There is a whole episode about this on Masters of Scale, which I invite you to listen, but besides that, I've been going around in my mind how important is this in real life to achieve success at work, specially when you are building a product.
I've been working for like 7 years in MedTrainer, building our product from scratch with the mentorship of our founders, and during this journey, we have had many fires, I mean you literally start day 1 with fires, when you launch a product. On this blog, I'll try to recap some of those moments, and will rewind towards if decisions were correct, or if I would do something different today.
I have had for quite sometime a couple of "styles" driven by some quotes in my mindset:
What doesn't kill you, make you stronger.
Move fast, break things.
Specially those two, I think align a bit with letting fires burn, or with the lessons that will come from those experiences.
When you build a product, you want it to be perfect, you want to deliver the best user experience, you want your users to be happy, but as your codebase grows, it also grows the possibility of it to be less perfect, the more moving pieces it has, the harder it will be to make sure all the pieces work good, when the product has pieces that are outside of your control, you are also adding more risk for failure.
We tend to believe that code is perfectly predictable, because it follows a set of instructions, but the thing you have to accept early is that a product will always have imperfections, because just nothing is perfect.
Anyway... I believe you have to decide what are the bugs that you can live with, what are the ones that are not that costly, or that are rare, or that have a workaround, sometimes there will be cumbersome things that if they have a work around you can let them burn, while you focus your attention to something else.
For example, when we built our reports module, we knew some reports may not perform well with a lot of information, but we knew that since the product was brand new, our customers wouldn't have a lot of information for some time, so that could be something that we could work later, while we fixed other issues, like the password reset process, which was at the moment more important.
Even if your system is bugless, which is probably imposible, there will always be customers that want something different, or that has just different expectations from what the product does, or how it does, or why it does it... I think you get the point here.
In this case, you may want to focus your attention in your most passionate customers, as if they were your loyal beta testers, if they are willing to experience the frustration, along with you, yes, there will be frustration, you should focus on them as they will help you build a better product for the rest, so focus on this one, while you get the other ones get a bit more angry.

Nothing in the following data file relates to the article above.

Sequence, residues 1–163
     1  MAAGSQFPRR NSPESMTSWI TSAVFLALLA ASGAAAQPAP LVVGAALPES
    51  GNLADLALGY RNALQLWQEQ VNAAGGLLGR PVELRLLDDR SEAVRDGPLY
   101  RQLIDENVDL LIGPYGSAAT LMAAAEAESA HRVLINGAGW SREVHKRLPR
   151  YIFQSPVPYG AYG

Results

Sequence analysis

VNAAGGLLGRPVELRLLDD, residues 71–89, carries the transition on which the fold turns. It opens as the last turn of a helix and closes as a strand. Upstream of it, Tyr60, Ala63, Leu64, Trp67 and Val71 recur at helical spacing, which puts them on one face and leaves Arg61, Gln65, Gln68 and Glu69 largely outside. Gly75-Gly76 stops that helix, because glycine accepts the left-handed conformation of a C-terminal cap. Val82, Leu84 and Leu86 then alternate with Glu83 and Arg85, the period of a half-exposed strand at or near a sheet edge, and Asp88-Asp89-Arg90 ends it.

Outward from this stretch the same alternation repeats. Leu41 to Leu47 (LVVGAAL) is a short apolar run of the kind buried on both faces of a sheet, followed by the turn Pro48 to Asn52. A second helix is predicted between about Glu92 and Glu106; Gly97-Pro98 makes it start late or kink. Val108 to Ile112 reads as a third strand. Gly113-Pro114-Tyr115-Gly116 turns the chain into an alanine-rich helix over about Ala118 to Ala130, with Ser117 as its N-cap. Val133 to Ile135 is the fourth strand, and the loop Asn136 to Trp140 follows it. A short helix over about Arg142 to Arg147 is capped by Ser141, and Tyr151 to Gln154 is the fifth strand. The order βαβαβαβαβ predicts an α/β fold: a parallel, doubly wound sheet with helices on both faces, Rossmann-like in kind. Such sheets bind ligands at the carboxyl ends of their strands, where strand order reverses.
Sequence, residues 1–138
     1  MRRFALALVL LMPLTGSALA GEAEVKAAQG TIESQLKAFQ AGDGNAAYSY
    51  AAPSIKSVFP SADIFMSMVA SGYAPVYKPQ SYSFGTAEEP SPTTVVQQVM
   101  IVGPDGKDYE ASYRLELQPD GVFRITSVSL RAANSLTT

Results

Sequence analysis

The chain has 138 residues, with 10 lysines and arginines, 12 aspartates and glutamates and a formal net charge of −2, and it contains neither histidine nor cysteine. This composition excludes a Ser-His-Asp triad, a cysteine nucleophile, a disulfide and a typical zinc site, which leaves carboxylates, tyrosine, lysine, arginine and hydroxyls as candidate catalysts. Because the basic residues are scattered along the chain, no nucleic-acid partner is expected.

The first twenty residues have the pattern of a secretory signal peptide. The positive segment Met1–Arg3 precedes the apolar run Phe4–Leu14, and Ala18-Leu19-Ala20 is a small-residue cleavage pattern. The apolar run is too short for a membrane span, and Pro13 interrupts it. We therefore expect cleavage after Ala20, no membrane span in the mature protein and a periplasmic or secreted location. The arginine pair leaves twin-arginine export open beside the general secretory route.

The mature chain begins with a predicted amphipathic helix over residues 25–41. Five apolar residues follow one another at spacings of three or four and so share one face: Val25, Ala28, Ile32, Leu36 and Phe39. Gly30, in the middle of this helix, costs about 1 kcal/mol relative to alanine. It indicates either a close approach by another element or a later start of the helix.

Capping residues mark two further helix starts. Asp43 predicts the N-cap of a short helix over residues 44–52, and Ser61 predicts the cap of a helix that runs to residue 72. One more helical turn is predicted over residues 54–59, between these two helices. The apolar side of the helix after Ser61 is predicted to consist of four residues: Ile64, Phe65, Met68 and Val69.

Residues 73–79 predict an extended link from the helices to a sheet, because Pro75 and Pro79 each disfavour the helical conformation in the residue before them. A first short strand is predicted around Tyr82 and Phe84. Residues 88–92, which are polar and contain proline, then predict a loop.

Also if you have some customers on whom you rely to be successful, due the amount of profit they bring into your business, even if their requests will take you a bit away from your end goal, I recommend you to not let them down, you should take the money and drive when is there, as long as you are aware of it, and you have a plan B for adjusting the product when they are no longer there. For example, if they are your biggest customer, and your income or grow goals depend on what they are paying you, you should accommodate to their needs, but thinking that you should also be able to turn these off, when they leave, or when they don't make sense, its kind of using this as an experience for the team, also using this as pivot idea that may or not work for a broader audience, because if they are paying for it, it may mean there was something about it that you were not thinking on.
I don't know if I made myself clear with the above paragraphs... but long story short, you will have some customers that you will have to let stay angry, while you focus on others, and this is fine, this is normal, you can't make everyone happy.
Yep, in this IT world, where continuous integration, continuos deployment, DevOps, etc. are the hot words, and are thought and explained in so many places, you can be successful without them, yes you can, you will suffer, you will.
When you are beginning to build a product, spend your time and money on making the product better, on having as many satisfied customers as possible, try to live as much as possible without automation elements, that is fire you can let burn for sometime.
I lived for years without automated tests, without automatic integration and deployments pipelines, I look back, and probably shouldn't done this for more than 1 or 2 years, but got used to that status quo that wasn't challenging me, or the team, but in retrospective I would do it again, I would wait a bit to have automation, if money and time would depend on that.
I love the quote from Reid Hoffman that an entrepreneur is someone who jumps off a cliff and builds a plane on the way down before it crashes, I think you definitely should get used to fires, and that being a constant in any product or business.
You should think twice, or trice which battles you will fight, and which fires you will put down, as you can let some of them keep burning if they are not important.
I had someone paint me a famous meme, that would remind me this, as even at this time in my professional life, I need to decide which fires are more important to put down.